What Books Should You Read to Be Well-Read?

atkins-bookshelf-booksSince American poet and essayist Ralph Waldo Emerson was a well-read person, it is not surprising how important books were to him; he wrote in one of his journals: “A man is known by the books he reads, by the company he keeps, by the praise he gives, by his dress, by his tastes, by his distastes, by the stories he tells, by his gait, by the notion of his eye, by the look of his house, of his chamber; for nothing on earth is solitary but every thing hath affinities infinite.” Emerson is absolutely right — you can judge a person by the books that he or she has read. So often we hear that a particular person is “well-read.” But what does it really mean to be well-read?

Fortunately, the well-read folks in the GoodReads community put down their books long enough to conduct a poll to provide a precise answer to the important question: which books do you need to read to be considered well-read? Rather than taking the easy route and simply suggesting the Western Canon (via The Great Books or the Harvard Classics) they came up with a helpful list of 100 books — consisting of classic or contemporary novels, short story anthologies, poems, and plays — that a person should read to earn the title (pun intended) of being “well-read.” In short, their list is a precise literary roadmap to becoming well-read. God bless their hearts. Most readers will recognize all the authors and titles (incidentally, Shakespeare and Dickens are the most frequently cited authors, each with four titles; however the least known title is The Man Without Qualities by Austrian author Robert Musil. Musil’s 1,774-page unfinished magnum opus has been compared to James Joyce’s Ulysses (number 91 on the list) and Marcel Proust’s In Search of Lost Time (number 51 on the list).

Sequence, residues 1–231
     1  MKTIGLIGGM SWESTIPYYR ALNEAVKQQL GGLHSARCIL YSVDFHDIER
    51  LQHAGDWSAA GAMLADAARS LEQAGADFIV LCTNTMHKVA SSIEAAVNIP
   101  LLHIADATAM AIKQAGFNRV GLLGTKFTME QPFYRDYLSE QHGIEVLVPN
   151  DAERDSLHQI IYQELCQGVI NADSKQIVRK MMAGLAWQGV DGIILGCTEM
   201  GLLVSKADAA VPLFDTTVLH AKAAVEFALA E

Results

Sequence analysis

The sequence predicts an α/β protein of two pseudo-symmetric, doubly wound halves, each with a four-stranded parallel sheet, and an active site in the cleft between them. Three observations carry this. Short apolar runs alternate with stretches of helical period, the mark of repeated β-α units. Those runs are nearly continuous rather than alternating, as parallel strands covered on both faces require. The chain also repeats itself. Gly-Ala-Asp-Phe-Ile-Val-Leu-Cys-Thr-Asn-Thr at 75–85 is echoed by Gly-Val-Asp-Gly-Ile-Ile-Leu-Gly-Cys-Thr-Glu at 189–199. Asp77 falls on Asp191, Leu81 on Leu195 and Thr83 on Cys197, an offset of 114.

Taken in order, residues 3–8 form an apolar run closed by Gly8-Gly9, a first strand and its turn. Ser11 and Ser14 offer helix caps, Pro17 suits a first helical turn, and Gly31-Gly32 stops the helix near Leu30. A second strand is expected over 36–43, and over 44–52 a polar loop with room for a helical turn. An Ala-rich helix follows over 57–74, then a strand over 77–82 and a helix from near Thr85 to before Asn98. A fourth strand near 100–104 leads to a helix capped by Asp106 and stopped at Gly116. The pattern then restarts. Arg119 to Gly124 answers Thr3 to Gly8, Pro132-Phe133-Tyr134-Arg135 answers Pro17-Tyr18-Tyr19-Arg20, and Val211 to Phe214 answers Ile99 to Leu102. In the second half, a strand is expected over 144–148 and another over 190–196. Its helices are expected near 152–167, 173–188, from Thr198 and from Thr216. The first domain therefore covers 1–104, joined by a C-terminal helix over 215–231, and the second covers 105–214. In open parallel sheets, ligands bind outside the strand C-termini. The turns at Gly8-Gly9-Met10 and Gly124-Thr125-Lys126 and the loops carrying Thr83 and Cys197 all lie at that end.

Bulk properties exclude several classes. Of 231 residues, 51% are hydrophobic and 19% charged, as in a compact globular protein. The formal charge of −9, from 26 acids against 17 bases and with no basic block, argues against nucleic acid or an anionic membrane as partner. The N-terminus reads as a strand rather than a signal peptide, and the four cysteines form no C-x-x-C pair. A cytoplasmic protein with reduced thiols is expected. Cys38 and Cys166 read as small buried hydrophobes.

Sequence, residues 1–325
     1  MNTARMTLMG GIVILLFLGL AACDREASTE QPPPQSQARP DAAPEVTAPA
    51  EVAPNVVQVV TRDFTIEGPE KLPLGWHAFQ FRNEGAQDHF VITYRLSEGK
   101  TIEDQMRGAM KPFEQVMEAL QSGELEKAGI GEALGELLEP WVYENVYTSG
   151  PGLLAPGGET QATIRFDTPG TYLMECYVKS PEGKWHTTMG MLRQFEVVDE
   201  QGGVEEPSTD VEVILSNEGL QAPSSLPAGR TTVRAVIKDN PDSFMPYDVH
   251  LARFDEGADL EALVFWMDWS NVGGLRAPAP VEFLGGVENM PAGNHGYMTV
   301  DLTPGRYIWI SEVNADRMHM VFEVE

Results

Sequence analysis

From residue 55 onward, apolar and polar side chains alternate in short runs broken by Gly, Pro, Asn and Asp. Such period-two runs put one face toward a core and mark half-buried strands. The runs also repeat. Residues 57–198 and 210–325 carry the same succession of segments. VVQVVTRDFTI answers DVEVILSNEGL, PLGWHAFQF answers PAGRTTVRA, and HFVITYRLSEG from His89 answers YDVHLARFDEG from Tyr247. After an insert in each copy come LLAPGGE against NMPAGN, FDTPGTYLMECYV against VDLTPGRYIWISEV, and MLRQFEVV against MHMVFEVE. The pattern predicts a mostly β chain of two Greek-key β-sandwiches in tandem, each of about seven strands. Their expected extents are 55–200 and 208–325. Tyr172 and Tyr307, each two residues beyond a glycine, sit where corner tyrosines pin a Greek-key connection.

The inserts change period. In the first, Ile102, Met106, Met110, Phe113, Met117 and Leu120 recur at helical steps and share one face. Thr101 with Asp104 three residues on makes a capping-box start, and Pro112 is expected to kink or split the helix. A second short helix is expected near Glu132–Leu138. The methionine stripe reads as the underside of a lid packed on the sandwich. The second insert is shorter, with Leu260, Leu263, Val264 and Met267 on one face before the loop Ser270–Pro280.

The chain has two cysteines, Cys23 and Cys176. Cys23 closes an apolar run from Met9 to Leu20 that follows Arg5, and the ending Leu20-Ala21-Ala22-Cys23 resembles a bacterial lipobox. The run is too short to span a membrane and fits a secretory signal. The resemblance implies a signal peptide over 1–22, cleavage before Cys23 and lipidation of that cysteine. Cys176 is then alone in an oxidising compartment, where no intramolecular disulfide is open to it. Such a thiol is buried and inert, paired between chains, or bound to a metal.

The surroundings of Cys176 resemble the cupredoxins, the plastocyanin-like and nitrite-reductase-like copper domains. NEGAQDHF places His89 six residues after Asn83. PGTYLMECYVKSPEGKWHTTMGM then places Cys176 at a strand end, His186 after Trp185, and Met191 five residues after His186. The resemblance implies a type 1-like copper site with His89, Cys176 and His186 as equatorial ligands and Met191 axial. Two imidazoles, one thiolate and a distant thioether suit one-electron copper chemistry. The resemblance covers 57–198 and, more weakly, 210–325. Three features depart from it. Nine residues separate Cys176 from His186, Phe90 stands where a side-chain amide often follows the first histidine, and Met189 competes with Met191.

Here are the first 50 titles in the list of books you should read to be well-read:

1. To Kill a Mockingbird by Harper Lee
2. Steppenwolf by Hermann Hesse
3. The Man Without Qualities by Robert Musil
4. The Notebooks of Malte Laurids Brigge by Rainer Maria Rilke
5. 1984 by George Orwell
6. Don Quixote by Miguel de Cervantes Saavedra
7. Animal Farm by George Orwell
8. The Arabian Nights by various translators
9. Pride and Prejudice by Jane Austen
10. The Catcher in the Rye by J.D. Salinger
11. Romeo and Juliet by William Shakespeare
12 Fahrenheit 451 by Ray Bradbury
13. The Great Gatsby by F. Scott Fitzgerald
14. Of Mice and Men by John Steinbeck
15. Lord of the Flies by William Golding
16. Macbeth by William Shakespeare
17. The Adventures of Huckleberry Finn by Mark Twain
18. A Tale of Two Cities by Charles Dickens
19. The Picture of Dorian Gray by Oscar Wilde
20. Hamlet by William Shakespeare
21 Last of Mohicans by James Fenimore Cooper
22. Harry Potter and the Sorcerer’s Stone by J.K. Rowling
23. Dracula by Bram Stoker
24. Jane Eyre by Charlotte Bronte
25. Anna Karenina by Leo Tolstoy
26. Frankenstein by Mary Shelley
27. The Canterbury Tales by Geoffrey Chaucer
28. The Scarlet Letter by Nathaniel Hawthorne
29. The Iliad by Homer
30. The Agricola and The Germania by Tacitus
31. A Christmas Carol by Charles Dickens
32. Moby-Dick by Herman Melville